I board the plane and a short flight later I am in Cairns, where they ask me to WALK to the domestic terminal a good 400 metres away, in the rain, without any covering to speak of. When I get to the part where I unload my computer for the 27th time this week, the guy says Excuse me Ma’am we need to give you a more thorough check and he zaps me and my dirty laundry with his laser gun, finally checking that there aren’t any explosives hidden in my Havianas, the ones that are on my feet!

Then when the smell of proper coffee lures me to a cafe, of course they won’t take cards under $10 and there’s no ATM to be found. Sigh.

It’s not till I get on the plane to Sydney that I slap myself. I remember my really quite recent week in the village.

Missions trips, Experience tours, Volun-Tourism – as noble and important as they are, are not actually about the people in the village. We think they are. I think the work I do both in my ‘day job’ and through a Girl & her world’ is valuable and life changing, and it is. But mostly it’s my life that is being changed.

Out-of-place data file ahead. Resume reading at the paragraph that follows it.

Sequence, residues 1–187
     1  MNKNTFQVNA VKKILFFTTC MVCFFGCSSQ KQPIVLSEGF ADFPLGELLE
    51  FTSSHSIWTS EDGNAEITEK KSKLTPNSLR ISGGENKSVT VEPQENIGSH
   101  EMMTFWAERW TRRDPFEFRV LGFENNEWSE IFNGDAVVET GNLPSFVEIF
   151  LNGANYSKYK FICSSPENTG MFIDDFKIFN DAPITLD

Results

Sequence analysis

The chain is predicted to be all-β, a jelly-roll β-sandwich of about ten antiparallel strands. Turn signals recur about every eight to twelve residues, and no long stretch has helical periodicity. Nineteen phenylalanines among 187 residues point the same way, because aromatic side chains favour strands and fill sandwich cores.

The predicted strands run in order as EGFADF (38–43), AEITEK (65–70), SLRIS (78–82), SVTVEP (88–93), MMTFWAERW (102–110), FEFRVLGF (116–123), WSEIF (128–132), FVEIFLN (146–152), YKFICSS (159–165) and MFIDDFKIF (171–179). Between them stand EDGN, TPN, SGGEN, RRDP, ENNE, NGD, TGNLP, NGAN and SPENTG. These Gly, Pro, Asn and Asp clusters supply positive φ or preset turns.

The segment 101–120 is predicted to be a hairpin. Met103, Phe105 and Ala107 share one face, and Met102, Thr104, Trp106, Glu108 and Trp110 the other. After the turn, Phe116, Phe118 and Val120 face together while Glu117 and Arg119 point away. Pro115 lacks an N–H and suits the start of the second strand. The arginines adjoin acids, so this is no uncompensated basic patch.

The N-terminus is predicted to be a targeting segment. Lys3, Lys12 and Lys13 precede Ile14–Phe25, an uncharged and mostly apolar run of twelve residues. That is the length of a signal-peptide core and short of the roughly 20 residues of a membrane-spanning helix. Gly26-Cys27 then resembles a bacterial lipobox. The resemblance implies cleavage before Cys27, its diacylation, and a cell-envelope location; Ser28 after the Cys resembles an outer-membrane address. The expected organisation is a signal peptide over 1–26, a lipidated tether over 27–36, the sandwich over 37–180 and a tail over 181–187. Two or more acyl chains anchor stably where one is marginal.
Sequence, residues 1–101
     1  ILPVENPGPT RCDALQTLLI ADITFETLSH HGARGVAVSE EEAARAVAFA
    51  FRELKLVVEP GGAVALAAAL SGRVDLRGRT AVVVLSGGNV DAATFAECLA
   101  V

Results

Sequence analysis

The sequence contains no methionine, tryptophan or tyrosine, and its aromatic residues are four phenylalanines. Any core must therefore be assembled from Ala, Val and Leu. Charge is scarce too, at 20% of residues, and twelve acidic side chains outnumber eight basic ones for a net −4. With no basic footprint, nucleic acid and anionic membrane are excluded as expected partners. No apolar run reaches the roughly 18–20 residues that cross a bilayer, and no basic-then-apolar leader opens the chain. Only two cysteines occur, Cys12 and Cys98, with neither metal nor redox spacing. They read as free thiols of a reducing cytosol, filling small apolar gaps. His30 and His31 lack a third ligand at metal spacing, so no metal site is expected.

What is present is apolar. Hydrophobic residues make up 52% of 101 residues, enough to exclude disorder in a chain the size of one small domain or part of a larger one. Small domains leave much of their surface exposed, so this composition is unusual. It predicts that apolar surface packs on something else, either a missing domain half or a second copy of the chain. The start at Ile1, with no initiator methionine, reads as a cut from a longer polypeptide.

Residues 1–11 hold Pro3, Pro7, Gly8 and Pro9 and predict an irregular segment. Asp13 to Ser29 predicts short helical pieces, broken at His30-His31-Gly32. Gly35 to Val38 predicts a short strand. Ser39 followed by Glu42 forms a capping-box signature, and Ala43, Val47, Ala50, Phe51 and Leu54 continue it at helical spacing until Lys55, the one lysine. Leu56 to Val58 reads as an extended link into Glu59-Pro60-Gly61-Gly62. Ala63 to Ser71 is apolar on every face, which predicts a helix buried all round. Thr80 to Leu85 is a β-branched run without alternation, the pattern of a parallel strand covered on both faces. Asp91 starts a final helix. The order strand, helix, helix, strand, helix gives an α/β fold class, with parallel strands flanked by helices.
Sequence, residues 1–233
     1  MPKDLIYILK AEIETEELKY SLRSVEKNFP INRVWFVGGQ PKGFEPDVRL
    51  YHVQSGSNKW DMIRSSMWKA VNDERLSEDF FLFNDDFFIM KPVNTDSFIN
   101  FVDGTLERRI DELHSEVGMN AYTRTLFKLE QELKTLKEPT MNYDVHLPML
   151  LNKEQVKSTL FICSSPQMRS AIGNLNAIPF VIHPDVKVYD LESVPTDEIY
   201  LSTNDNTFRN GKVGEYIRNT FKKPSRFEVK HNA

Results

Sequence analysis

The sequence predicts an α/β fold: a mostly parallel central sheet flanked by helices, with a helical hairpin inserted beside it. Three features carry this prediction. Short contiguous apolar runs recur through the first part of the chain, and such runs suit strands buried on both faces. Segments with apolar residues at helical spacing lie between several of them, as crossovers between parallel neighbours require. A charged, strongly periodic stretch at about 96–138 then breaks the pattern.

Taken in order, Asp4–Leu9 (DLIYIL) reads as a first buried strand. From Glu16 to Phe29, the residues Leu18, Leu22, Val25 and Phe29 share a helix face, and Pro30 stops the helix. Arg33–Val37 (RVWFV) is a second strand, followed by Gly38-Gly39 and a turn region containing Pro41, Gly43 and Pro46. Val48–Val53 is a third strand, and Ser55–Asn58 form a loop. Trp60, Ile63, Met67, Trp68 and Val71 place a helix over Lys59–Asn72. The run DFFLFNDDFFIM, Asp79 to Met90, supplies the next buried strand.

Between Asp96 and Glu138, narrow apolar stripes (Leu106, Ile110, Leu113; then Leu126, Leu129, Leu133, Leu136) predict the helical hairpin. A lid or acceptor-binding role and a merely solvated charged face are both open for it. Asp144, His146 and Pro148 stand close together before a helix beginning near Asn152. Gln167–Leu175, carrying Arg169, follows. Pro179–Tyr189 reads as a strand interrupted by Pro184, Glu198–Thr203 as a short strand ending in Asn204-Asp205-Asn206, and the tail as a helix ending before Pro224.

Gratitude and perspective are choices we must make. That’s not to downplay the things we face even in our comfortable lives, they’re real, but there’s much to be learnt from those who choose joy in the midst of suffering and find ways to be grateful though they have nothing. That is true strength.

Below is the final offering of said poetic, ideological Facebook posts. I’m making fun of myself above but I was extremely impacted by my week and will keep reminding myself to choose not to be a Princess! Be the Change as the saying goes, and it starts with me…

Jane for team ‘a Girl & her world’


“Leaving Alotau today for the bright lights of Port Moresby. I get to go to a hotel with free wifi and hot showers. 

It’s pouring here this morning and I’m thinking of all the women I’ve seen this past few days washing in the river who will probably leave their buckets out to catch some fresh water today. I’m wondering if the girl with the machete wound will heal ok in this humidity or if her wound will get infected. I’m thinking about my expensive malaria tablets that nobody has access to here. Remembering that I need to call someone in one of the villages but they don’t have electricity and so he won’t be able to charge his phone till next trip to town.

I speak to people who feel guilty about their privileged lives and are frozen with inaction. But it’s not wrong that we have access to clean water, medicine and power in our homes – it’s wrong that these people don’t”

Related Posts

Invest in Women and Girls

Invest in Women and Girls

Happy International Women’s Day 2024 from all of us at a Girl & her world! Today, as we mark this special day, we’re diving into

Help get 10 more Girls back to school

An urgent request

We are reaching out to our community today to let you know that we urgently need funds to get another 10 Girls back to school